Cutting off the pain and terror
Frewen and Lanius (2015) have explored the various deﬁ nitions of dissociation often subsumed into categories of detachment and compartmentalisation: altered states of consciousness and identity alteration would, respectively, be examples of these. There has been debate about whether non-pathological states of absorption or immersion in imaginary worlds should be grouped with altered states that have arisen from severe traumatic experience and it has been proposed that only the latter arise from structural dissociation (van der Hart et al., 2006). In these disorders, parts of the self which are holding action tendencies for defence – or getting on with normal life – function relatively independently. In the most severe disorder of structural dissociation, dissociative identity disorder (DID), there may be extensive amnesia for the behaviours of different parts of the system. Initially, consideration of parts of the self as “not me” may arise from a cognitive reappraisal strategy of identity alteration when standard restructuring techniques such as distraction are ineffective for reducing the peritraumatic distress (Frewen & Lanius, 2015). This shifts brain activation from the body awareness area of the insular cortex to the other-perspective areas such as the temporoparietal junctions. The more trauma a person experiences, the more there may be a tendency to automatically diminish the emotional impact of events:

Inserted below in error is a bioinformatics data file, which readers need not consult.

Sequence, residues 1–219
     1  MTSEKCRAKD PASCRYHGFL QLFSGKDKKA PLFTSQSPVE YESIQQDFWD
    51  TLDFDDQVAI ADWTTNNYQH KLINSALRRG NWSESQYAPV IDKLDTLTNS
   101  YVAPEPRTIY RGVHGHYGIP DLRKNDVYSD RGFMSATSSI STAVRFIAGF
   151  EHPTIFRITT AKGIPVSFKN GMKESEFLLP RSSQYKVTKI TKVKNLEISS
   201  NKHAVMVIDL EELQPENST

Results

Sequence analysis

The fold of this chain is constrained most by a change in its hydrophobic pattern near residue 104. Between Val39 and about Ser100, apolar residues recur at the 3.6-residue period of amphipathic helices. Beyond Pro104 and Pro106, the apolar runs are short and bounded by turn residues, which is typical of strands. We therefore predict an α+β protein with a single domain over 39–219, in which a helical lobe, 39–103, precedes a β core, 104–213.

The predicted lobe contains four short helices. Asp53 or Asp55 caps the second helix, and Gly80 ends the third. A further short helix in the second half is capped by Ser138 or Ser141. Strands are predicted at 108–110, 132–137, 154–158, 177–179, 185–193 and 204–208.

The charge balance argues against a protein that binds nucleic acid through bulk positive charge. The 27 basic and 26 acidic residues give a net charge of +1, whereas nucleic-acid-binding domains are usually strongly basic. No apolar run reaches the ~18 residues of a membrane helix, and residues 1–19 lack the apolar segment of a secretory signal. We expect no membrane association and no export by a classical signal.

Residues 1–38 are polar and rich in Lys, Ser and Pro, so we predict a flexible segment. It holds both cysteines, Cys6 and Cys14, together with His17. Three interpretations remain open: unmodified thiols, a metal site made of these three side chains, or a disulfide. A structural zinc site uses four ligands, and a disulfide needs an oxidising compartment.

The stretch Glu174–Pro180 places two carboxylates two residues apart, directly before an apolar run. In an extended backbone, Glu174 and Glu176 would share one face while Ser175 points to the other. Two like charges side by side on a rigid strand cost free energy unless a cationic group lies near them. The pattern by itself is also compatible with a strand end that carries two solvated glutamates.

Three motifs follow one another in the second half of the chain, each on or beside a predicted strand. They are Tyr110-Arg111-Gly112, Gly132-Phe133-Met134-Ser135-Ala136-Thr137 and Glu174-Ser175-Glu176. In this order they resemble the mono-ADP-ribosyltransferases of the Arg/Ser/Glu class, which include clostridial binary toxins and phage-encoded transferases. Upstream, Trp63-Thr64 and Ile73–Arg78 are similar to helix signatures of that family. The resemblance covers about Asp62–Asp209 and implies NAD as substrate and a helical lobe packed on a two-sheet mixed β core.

. . . a repeatedly traumatised individual may chronically orient toward herself, others, and the world around her with an increasingly altered sense of time, thought, body, and emotions .